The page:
Her trailer was a ripe patch of excess, bloomed conspicuously at the base of a cliff on the edge of a bone dry, Baptist county in East Kentucky. The half-acre around it was littered with faded Mountain Dew cans glinting in the sunshine and decorated haphazardly with a half dozen busted toilets turned planters. Mary had filled them to the brim with rich bottom soil and planted sturdy annuals that burst forth in bright colors come springtime. And you could hear her racket from a ridge over. Never music, just the strained voices of lonely people seeking solace over air waves. Her regular customers learned to lean in when she hollered them across the thresh hold and into her home. They learned to brace themselves against the blast of cackling talk radio hosts crackling out into the hillbilly breeze via AM radio, the regulars planted their feet against decibel after decibel blaring through the stacks of second hand speakers that towered and teetered close to the drooping, water-stained ceiling. If you were a brand new customer just looking for a quality buzz, it could be downright overwhelming.
Mary herself was too much–too big, too loud, too self-assured, too self-righteous. She’d answer the door in a muu-muu splattered with crusty, sausage gravy and tacky floral print. She’d tell you how Jesus don’t mind pot, but you better stay away from that ol’ Detroit dope. She conducted most all her business out of the kitchen. There was always an abundance of food bubbling over on the stove and her rumbling old refrigerator was always stocked with strange, leftover smells and cold beer. The mismatched canisters lining the counter tops were stuffed full of product. On the rare occasion she wasn’t cooking when you’d show up to score, she’d take your money all flopped out and sweating across the queen size bed crowded into the built-on, back room of the mobile home. And she’d produce a thirty bag or a sixy bag or even a whole ounce or two out from under the folds of her dress. Or maybe out from under the folds of her pale, fleshy body. Nobody ever dared to question the hygienic aspect once they realized that sticky, hairy, bud smelled even stronger and danker than the dealer.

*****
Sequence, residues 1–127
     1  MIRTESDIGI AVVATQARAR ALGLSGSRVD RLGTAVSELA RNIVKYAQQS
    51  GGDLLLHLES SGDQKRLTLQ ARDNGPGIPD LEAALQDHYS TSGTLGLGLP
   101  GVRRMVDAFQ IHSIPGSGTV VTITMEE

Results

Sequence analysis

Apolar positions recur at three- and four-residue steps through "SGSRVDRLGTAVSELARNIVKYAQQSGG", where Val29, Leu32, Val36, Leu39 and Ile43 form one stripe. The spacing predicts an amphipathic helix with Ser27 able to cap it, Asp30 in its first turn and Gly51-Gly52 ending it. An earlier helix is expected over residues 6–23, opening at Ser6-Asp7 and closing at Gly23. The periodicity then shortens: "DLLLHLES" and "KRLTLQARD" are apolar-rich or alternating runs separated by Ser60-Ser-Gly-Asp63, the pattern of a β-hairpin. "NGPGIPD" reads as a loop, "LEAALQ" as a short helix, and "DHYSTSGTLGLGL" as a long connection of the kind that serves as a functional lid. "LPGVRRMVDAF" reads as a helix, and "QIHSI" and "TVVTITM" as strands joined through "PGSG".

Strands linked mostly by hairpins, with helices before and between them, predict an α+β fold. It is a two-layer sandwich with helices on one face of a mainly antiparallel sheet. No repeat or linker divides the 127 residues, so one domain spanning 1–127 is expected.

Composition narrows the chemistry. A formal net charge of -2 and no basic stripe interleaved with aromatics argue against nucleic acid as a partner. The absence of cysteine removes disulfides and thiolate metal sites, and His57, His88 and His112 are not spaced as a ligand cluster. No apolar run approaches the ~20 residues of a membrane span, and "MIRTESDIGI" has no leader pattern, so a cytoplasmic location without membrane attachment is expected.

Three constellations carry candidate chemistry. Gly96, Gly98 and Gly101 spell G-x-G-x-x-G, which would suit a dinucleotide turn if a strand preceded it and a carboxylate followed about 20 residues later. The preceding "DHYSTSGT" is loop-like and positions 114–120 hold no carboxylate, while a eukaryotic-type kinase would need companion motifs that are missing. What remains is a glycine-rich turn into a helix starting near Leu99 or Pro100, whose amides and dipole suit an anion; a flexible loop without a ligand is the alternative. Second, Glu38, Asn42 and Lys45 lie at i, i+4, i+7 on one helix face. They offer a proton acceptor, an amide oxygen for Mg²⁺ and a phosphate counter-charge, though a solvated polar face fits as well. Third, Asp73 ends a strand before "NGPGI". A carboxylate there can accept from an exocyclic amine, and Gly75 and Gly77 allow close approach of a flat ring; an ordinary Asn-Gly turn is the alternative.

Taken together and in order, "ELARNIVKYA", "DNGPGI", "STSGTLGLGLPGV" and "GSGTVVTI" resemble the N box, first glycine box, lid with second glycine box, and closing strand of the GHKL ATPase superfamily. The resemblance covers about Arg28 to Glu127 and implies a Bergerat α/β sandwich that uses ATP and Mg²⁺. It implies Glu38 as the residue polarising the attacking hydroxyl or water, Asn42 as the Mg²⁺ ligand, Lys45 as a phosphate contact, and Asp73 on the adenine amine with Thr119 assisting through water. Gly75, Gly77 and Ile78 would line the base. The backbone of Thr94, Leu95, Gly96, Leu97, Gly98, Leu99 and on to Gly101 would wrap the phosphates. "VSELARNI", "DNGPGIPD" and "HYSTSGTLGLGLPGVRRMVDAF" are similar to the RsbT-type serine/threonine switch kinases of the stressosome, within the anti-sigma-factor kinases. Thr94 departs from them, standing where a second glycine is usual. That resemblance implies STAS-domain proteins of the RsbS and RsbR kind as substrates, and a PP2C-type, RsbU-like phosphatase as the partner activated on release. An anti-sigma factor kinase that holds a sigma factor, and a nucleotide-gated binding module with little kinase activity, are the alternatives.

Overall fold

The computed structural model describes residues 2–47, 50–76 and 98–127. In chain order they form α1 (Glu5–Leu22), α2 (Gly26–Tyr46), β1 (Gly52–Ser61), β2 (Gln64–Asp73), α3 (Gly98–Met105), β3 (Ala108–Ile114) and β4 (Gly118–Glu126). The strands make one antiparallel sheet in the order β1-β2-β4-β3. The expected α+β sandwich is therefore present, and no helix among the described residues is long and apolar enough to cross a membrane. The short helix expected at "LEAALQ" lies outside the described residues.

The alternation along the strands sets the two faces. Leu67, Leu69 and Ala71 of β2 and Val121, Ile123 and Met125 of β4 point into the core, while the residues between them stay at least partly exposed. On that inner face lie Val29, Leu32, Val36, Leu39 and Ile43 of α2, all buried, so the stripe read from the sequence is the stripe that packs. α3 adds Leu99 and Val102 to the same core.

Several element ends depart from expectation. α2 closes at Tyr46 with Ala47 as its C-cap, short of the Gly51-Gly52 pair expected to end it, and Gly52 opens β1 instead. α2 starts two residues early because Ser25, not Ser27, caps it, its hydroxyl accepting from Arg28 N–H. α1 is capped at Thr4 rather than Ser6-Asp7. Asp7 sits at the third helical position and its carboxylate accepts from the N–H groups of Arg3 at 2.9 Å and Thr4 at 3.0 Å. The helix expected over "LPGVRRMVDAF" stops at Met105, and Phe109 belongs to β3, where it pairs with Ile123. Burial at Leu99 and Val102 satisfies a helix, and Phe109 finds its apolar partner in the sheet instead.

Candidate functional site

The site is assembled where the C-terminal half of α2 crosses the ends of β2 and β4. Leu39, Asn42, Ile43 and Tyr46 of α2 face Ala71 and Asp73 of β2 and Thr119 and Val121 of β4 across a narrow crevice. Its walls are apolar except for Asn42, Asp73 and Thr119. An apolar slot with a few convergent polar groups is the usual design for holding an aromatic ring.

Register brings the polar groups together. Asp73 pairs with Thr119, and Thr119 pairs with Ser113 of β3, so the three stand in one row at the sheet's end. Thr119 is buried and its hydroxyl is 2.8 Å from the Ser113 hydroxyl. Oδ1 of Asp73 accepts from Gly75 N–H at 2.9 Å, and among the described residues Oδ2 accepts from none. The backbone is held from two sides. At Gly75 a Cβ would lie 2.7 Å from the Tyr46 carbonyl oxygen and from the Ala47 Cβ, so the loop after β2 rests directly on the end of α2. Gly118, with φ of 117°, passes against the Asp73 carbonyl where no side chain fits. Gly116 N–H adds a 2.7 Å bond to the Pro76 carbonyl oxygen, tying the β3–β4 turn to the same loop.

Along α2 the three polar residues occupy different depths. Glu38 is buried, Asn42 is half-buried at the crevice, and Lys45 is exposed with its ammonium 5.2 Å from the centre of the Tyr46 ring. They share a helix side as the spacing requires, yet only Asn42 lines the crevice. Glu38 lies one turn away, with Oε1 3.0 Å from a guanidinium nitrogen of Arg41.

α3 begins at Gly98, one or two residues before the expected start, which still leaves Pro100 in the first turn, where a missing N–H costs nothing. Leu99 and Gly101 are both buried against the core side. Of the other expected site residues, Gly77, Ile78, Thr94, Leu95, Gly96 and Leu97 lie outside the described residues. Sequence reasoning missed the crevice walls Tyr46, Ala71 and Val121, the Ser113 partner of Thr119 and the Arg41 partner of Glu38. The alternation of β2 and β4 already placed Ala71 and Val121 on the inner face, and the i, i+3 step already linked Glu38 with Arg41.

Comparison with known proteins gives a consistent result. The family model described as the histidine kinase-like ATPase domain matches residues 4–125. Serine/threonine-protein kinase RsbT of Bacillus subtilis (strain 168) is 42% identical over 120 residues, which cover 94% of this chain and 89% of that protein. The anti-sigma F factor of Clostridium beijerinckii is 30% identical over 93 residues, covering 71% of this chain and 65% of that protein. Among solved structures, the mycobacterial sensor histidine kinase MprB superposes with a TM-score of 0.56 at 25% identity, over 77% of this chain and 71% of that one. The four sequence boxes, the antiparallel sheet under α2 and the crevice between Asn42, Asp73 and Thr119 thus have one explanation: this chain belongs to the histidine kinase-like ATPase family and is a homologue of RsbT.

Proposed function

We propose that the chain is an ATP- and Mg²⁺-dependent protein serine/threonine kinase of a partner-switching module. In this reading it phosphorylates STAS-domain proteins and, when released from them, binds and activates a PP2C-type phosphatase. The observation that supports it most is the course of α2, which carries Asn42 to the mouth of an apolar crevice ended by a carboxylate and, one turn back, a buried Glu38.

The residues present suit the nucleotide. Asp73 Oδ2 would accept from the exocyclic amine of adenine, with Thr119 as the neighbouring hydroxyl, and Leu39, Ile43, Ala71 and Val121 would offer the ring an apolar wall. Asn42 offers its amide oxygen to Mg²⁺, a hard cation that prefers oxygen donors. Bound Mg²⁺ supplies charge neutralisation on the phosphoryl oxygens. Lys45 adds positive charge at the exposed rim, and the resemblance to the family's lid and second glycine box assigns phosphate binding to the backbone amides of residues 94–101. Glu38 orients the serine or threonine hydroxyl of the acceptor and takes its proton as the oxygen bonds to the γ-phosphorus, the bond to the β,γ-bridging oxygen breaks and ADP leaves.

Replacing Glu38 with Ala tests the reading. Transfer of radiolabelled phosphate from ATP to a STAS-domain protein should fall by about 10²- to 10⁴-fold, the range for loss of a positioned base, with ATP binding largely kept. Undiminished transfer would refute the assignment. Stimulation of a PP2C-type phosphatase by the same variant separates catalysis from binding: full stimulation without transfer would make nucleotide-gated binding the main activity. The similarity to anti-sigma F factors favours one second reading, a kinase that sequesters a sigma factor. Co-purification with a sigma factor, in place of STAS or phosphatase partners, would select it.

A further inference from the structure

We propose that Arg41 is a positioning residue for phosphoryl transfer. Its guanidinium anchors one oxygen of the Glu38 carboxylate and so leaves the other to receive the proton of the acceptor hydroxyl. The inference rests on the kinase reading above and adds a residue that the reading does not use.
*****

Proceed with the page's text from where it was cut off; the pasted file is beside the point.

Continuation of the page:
No one knew where she kept her crop, but she gave the living room over to the house plants. The ivy grew up over the arms of the couch and she warned guests to avoid the moldy Lazy Boy. Not for the sake of their pretty, clean clothes or pretty, clean lungs. Because once, the rotting plaid armchair had belonged to her Granny, and now it belonged to the rosary vine. Her favorite. Her Granny’s favorite. Mary kept the room cool and dark so that the thick, durable foliage of it shone under the light of a single lamp that faked sunshine. And the blossoms were back lit, flickering red and wavering like candles at the base of a shrine to homegrown botany. Everybody on this side of the state knew she was thanking the good Lord for her green, green thumb.
Misty Marie Rae Skaggs, 32, hardly ever leaves the holler anymore.